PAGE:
In 1977 Aston Villa and Everton played out one of the most epic cup encounters of all time. The 1977 League Cup Final will not always be remembered for scintillating edge of your seat football (not the first two games anyway) but it will most certainly be remembered as a match that started before the Grand National and finished just as the cricket season was getting under way.
On March 12th 1977 Wembley Stadium played host to one of the dullest cup finals in living memory as Aston Villa and Everton played out a 0-0 bore draw in the League Cup Final. What made the result more surprising was that both teams had some of the most exciting striking talent at their disposal. Villa had the soon to be crowned PFA player and young player of the year Andy Gray leading their line, whilst the Toffeemen had lightening quick Duncan McKenzie and big Bob Latchford in their starting XI.
The following Wednesday, the two teams went head to head again in the replay at Hillsborough. The quality of the football was no better than the previous Saturday but at least there were goals. An early own goal by Everton’s Roger Kenyon looked like giving Ron Saunders’s men their passport into Europe but in the dying seconds of normal time, up popped Latchford to take the game into extra-time. The extra 30 minutes provided nothing other than the fact that this game would now go down in the history books as the longest final in British football history.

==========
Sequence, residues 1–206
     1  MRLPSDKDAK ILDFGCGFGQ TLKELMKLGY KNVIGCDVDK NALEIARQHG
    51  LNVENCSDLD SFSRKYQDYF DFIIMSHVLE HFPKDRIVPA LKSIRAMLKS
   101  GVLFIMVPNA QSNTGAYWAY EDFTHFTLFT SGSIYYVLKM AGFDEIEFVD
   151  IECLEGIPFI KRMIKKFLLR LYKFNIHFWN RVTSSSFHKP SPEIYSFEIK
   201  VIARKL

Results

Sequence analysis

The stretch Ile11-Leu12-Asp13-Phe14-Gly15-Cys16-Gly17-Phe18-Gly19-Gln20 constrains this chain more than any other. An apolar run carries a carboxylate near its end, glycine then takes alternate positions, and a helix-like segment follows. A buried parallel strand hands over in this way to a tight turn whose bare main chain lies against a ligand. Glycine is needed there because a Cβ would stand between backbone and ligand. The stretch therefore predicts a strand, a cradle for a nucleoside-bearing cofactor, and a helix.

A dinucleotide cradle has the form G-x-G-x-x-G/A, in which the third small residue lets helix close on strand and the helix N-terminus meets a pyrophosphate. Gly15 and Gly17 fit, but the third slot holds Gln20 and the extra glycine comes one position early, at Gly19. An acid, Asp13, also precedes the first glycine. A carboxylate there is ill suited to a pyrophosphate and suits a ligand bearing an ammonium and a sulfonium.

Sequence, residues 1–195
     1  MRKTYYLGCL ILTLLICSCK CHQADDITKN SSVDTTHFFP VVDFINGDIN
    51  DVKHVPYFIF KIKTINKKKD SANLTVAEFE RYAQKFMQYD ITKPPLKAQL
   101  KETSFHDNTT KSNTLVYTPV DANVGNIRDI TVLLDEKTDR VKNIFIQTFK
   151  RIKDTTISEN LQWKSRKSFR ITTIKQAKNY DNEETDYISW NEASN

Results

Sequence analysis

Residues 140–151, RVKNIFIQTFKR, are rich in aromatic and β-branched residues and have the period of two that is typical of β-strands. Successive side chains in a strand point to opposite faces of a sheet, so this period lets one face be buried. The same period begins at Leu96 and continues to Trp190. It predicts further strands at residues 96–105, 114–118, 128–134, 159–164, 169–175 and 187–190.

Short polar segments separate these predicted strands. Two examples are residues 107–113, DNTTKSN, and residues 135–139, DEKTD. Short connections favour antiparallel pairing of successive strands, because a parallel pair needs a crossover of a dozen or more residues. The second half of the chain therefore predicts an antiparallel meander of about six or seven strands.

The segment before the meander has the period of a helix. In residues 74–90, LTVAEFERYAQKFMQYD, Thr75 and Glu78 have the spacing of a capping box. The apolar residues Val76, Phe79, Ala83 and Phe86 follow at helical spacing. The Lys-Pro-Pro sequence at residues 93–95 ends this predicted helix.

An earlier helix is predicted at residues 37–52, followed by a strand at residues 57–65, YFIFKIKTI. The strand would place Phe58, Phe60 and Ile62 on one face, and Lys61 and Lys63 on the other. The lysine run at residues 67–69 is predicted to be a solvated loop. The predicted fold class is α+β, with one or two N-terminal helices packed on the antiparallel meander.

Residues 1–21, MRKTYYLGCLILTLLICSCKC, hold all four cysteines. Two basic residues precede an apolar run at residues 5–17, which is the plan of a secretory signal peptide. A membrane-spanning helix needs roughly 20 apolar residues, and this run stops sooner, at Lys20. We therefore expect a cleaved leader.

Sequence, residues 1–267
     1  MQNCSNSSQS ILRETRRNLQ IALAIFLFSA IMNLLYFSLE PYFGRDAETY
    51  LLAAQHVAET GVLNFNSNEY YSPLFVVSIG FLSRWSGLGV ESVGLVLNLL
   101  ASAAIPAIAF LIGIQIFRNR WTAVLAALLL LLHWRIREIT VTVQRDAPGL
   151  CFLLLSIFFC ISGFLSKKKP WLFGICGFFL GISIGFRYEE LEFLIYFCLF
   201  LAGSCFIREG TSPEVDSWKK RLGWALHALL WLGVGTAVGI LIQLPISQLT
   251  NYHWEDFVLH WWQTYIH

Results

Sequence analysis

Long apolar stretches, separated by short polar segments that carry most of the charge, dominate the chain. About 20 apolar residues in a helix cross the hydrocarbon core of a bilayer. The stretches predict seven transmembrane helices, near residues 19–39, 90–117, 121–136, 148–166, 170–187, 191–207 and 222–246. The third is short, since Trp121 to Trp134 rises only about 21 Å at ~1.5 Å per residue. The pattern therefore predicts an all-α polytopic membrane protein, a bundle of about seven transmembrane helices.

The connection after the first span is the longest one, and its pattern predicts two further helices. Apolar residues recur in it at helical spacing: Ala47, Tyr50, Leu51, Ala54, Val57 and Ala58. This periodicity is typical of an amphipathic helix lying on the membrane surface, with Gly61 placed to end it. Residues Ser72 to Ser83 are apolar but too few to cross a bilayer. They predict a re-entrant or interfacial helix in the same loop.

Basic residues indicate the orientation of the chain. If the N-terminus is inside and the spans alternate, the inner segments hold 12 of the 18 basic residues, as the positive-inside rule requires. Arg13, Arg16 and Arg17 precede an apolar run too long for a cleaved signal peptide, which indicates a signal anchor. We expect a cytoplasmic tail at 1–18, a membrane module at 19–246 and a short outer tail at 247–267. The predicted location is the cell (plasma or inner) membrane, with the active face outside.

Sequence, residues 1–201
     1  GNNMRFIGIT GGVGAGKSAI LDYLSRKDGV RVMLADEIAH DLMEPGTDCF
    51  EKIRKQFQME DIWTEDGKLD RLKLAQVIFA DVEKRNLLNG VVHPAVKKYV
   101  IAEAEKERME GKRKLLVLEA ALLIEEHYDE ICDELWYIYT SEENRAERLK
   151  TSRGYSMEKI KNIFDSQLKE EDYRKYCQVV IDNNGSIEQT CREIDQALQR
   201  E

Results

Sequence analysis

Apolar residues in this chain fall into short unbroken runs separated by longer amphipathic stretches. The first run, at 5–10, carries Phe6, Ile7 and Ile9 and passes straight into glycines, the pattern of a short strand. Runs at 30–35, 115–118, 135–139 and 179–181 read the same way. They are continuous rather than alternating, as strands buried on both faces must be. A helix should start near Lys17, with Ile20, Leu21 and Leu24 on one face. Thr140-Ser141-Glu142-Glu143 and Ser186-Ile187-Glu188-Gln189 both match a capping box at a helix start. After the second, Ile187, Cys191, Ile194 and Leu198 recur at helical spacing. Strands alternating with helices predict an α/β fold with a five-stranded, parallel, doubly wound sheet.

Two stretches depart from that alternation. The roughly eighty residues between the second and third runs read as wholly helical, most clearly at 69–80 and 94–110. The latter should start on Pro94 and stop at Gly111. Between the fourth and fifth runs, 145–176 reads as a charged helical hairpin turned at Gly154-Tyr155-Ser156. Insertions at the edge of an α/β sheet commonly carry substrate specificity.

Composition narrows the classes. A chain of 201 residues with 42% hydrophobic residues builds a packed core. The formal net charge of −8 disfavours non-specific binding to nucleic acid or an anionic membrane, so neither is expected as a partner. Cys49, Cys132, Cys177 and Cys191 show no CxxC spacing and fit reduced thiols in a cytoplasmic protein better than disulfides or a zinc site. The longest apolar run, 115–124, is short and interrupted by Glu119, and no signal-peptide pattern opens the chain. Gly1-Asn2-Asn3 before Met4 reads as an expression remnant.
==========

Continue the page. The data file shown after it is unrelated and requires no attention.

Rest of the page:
Due to fixture congestion, the third match would not be played until the middle of April, Old Trafford was chosen as the venue for the historic game. Many observers feared a repeat of the first two mind numbing encounters but how wrong they were as both sides seemed to feel sorry for the British public, producing one the best games in the competitions history.
Latchford put Gordon Lee’s side ahead only for Villa skipper Chris Nicholl, bidding farewell to the club in the summer, to level things up with a 40 yard screamer with just nine minutes remaining. A minute later, Brian Little gave the Midlanders the lead but Mick Lyons made it 2-2 just a couple minutes later in front of delirious Evertonians packed into the Stretford End. 300 minutes of football had been played and still we didn’t know who would lift the trophy as the game went into extra-time for a second time. It seemed like penalties were finally going to have to decide the 17th winner of the competition until in the dying seconds, the talismanic Little rounded off a wonderful campaign on a personal level by nicking the winner for Villa to give them the trophy for the third time.
It was probably for the best that Chris Nicholl only had to climb about eight steps to collect the three handled cup from Lord Westwood as he, along with everyone concerned with this epic encounter, was physically and mentally exhausted.
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